The Center for Global Change Science (CGCS) at MIT was founded in January 1990 to address fundamental questions about climate processes with a multidisciplinary approach. In July 2006 the CGCS became an independent Center in the School of Science. The Center’s goal is to improve the ability to accurately predict changes in the global environment.
CGCS seeks to better understand the natural mechanisms in ocean, atmosphere and land systems that together control the Earth’s climate, and to apply improved knowledge to problems of predicting climate changes. The Center utilizes theory, observations, and numerical models to investigate climate phenomena, the linkages among them, and their potential feedbacks in a changing climate.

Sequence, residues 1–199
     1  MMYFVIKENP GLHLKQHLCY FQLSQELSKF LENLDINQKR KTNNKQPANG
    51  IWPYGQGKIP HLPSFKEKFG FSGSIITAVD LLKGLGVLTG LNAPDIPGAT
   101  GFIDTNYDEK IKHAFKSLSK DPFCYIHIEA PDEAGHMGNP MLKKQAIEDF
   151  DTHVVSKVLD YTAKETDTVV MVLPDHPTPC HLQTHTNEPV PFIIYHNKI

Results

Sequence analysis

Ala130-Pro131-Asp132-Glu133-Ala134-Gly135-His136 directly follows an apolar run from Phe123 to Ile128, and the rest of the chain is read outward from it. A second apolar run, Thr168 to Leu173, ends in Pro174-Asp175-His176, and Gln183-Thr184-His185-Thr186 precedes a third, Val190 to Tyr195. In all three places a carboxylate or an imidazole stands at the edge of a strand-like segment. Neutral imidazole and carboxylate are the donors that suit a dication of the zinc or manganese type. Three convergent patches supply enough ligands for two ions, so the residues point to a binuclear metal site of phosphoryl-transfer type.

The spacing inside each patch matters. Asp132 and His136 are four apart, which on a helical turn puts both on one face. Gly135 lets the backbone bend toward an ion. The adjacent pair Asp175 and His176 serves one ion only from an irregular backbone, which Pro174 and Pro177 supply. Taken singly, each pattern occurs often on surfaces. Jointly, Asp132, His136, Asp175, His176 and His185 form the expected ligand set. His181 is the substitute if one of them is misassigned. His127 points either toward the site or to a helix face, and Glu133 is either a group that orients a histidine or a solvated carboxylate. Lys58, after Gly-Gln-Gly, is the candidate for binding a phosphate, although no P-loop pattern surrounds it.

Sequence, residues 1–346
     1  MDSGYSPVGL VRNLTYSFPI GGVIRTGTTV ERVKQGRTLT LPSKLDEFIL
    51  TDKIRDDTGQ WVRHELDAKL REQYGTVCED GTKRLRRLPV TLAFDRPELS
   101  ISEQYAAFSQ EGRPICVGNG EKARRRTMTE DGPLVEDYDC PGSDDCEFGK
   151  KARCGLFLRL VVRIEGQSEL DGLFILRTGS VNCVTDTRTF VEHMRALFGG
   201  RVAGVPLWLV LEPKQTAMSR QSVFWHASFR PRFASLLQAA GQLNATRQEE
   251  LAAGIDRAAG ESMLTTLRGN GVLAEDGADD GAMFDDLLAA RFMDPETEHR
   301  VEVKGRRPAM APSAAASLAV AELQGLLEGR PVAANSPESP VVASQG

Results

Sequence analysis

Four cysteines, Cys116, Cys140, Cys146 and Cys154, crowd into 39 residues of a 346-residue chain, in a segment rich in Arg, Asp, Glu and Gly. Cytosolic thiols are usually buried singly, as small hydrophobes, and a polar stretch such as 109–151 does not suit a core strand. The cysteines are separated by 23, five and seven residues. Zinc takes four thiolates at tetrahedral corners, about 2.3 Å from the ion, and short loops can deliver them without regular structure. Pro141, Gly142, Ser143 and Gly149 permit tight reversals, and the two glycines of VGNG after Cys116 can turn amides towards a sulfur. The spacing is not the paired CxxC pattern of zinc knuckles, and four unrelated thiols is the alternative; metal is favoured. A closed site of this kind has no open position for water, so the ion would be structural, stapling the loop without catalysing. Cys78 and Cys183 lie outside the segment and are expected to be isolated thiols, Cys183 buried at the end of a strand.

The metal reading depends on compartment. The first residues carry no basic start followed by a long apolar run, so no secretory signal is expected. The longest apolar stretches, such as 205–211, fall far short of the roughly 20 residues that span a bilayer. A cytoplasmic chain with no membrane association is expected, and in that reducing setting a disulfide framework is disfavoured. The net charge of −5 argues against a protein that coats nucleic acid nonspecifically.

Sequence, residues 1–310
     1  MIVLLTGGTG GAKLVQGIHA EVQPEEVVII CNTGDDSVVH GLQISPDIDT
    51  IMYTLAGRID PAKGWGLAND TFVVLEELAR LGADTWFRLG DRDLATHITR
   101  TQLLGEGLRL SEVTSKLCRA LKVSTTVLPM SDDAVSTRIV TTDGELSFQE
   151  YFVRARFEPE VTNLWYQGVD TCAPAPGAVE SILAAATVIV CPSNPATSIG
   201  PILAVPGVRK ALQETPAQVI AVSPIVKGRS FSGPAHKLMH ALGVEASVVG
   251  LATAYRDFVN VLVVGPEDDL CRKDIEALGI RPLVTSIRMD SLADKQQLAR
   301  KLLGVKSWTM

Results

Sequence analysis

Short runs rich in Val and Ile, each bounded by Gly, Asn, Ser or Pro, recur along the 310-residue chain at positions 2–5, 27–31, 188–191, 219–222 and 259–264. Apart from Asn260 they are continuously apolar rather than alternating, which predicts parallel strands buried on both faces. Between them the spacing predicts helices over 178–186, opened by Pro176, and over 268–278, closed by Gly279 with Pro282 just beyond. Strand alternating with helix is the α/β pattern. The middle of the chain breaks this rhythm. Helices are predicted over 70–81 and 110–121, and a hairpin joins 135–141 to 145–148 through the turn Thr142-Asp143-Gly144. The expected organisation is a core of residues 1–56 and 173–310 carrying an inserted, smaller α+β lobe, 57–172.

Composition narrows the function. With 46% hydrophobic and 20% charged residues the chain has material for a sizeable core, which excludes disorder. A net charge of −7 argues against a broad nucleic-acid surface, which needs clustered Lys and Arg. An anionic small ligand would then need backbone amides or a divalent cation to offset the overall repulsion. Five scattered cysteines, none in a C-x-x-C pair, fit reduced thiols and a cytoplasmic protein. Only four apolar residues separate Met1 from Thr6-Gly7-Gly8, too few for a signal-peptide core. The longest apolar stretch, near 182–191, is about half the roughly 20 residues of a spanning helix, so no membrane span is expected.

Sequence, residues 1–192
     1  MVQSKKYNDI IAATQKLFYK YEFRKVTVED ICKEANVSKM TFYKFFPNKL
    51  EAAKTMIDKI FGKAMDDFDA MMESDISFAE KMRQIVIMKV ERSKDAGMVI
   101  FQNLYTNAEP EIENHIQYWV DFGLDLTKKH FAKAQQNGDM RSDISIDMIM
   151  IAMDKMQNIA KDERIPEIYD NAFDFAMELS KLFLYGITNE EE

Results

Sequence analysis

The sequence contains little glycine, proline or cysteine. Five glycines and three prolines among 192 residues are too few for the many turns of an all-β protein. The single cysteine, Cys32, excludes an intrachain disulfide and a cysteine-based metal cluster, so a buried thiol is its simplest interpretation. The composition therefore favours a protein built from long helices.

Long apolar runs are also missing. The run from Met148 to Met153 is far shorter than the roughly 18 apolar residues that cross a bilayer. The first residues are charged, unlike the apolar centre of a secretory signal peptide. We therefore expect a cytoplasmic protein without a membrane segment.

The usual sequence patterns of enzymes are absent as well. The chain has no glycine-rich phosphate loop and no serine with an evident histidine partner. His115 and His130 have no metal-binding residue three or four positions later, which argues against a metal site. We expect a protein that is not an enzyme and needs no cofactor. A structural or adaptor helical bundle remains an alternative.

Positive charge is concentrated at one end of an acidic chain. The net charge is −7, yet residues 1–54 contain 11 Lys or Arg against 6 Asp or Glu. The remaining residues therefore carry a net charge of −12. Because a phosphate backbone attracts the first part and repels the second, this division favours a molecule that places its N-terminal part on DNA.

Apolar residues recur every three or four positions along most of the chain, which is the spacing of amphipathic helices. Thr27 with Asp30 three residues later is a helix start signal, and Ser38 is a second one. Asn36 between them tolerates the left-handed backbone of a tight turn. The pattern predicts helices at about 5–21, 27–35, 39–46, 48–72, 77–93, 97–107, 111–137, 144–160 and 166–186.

The Center builds on existing programs of research and education in the Schools of Science and Engineering at MIT. The interdisciplinary organization fosters studies on topics as varied as, for example, oceanography, meteorology, hydrology, atmospheric chemistry, ecology, biogeochemical cycling, paleoclimatology, applied math, data assimilation, computer science, and satellite remote sensing.
CGCS sustains a program of basic scientific research on the natural processes controlling global climate, with a concentration on the cycles, circulations and interactions of water, air, energy, and nutrients in the Earth system.
Parallel CGCS activities incorporate the insight gained from research into climate prediction models, and climate policy analysis, and provide it in a useful way to decision-makers in domestic and international climate policy-making arenas. The CGCS also interacts closely with complimentary MIT activities in the Earth System Initiative, the Energy Initiative, and the Earth Resources Laboratory.